Managing your finances as a student isn’t always easy. You may be living away from home or learning to budget your own money for the first time. Thankfully, there are little things you can do, and services here at the University to help you get to grips with your money.

As the theme for National Student Money Week 2022 is sustainable spending, we wanted to run you through our top tips to help you save money and our planet.

1) Plan your meals

Planning your meals is a great way to save and it’s something a lot of students probably wish they’d done sooner. Knowing what you’re eating in advance means you’ll avoid unnecessary spending, like grabbing a meal deal when you’re on campus (£3-£4 a day for one meal can really add up).

To get started, grab a pen and paper and list the meals you’d like to have for the upcoming days/weeks. It’s handy to try and use the same ingredients for several meals to avoid wasting food. For example, if you’re planning to make a chicken wrap for lunch, you could make a chicken pasta dish the following day.

If you have freezer space, batch cook your meals and store the leftovers. It’s a great way to save money as you’ll be spending less on food in the long term, and you have meals on hand to cook.

Open fridge with meals organised in lunchboxes.

If you’re new to cooking and don’t know where to start, there are tonnes of online resources full of cheap and easy recipes. Check out:

  • Tesco Real Food allows you to search recipes by categories like ‘budget’ and ‘in season’.

Don’t forget to make a list of items you need to buy for your meals. Also, check your cupboards before heading to the shops, to avoid buying something you already have. For more tips on food shopping like a pro, check out our money-saving shopping tips.

2) Know your food labels

Knowing the difference between ‘use by’ and ‘best before’ is important to ensuring you don’t throw away perfectly edible food. For example, a loaf of bread might be a day past its best before date, but if it looks safe to eat, it probably is. The Food Standards Agency have a great guide to this.

3) Be mindful of your energy usage

You’ll no doubt be aware that reducing energy use is good for the planet, but have you ever thought about its benefits on your bank balance?

This doesn’t necessarily mean taking a big step, like switching energy providers. You can do little things that make a big difference in the long run. This can be something as small as defrosting the freezer – freezers run more energy efficiently when they aren’t overrun with ice. You can find instructions on how to do this online.

Energy saving bulb light up

There’s loads of advice online about saving energy (and in turn, money) when renting a home, so be sure to check out these resources from the Energy Saving Trust and Students Organising for Sustainability.

4) Switch up your travel

Whether you’ve got time off from your studies and are planning a trip away or you’re just heading into town, it’s important to think about how you’re getting from A to B. For shorter commutes, why don’t you take advantage of green options such as walking, cycling or if the weather isn’t particularly cracking, car sharing. This is both eco-friendly and much cheaper than getting a taxi.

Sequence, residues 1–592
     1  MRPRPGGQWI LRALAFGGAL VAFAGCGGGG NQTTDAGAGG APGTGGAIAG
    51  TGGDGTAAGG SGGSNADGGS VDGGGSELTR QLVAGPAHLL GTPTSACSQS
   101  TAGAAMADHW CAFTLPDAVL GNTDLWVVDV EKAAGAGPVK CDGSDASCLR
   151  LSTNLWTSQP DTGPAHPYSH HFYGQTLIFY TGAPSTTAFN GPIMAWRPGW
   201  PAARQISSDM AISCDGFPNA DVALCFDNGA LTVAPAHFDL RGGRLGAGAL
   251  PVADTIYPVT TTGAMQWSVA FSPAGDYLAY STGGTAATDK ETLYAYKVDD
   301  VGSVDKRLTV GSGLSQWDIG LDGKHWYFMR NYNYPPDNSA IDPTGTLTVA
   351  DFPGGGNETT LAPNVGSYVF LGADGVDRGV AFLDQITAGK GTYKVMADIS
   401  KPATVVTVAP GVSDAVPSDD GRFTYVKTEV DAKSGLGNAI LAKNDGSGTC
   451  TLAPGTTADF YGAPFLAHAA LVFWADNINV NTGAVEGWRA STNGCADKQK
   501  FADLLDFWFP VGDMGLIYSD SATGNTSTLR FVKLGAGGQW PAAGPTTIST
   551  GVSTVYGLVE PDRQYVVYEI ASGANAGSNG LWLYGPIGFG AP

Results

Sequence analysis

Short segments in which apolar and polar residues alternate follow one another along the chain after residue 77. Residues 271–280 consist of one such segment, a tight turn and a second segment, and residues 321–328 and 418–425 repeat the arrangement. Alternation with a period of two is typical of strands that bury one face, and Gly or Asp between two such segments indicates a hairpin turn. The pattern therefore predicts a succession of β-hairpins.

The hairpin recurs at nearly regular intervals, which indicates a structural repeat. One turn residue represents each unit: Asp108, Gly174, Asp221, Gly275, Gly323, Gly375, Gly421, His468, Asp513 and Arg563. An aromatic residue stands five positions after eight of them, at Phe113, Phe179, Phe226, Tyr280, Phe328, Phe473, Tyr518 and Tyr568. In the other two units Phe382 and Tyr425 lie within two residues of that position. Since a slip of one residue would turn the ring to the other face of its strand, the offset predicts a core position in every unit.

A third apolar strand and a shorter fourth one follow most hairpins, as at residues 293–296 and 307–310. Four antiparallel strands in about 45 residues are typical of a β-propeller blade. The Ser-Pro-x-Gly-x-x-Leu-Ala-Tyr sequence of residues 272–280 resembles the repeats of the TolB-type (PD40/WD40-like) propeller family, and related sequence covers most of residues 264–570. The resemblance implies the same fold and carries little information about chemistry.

5) Buy unused or unwanted clothes first

Online clothes shopping can be great. There’s lots of choice, delivery is fast but this fad for ‘fast fashion’ is not particularly sustainable, nor is it always as affordable as we think. Buying a cheap white t-shirt a dozen times will actually leave you worse off than if you’d spent just a little more on a better quality one.

Second-hand shopping is also a good idea. You could head to charity shops, or if online is more your thing, you can use apps such as Depop, Vinted and eBay. Buying second-hand is a great way to brighten up your wardrobe at a lower price tag and cost to the environment. You could also make a few quid from your old clothes.

second-hand clothes on a clothing rail

Check out this blog for tips on ego-friendly fashion.

6) Repair, don’t replace

Are you guilty of calling something broken and chucking it out rather than stopping to consider whether there’s an easy fix? Chances are, there might be a way to fix it and you could be saving yourself money. So, next time your kettle makes a funny noise or your toaster won’t pop, be sure to consult iFixit which has loads of free repair guides for electronics and gadgets.

You should also check the item’s warranty or guarantee to see if you’re entitled to a replacement.

So, there we have it, six simple tips to help you save money and live a more sustainable life. We hope you can see that by making small changes, you can feel more in control of your money and do your bit for the environment. With Trimester 1 starting a week earlier in the next academic year, implementing some of these tips now will help you save enough money to enjoy your next level of study.

And if you find yourself struggling with money and in need of a bit more guidance, don’t worry we’ve got your back. You can speak with our Money Advice and Funds Service, they have appointments to help you with money management.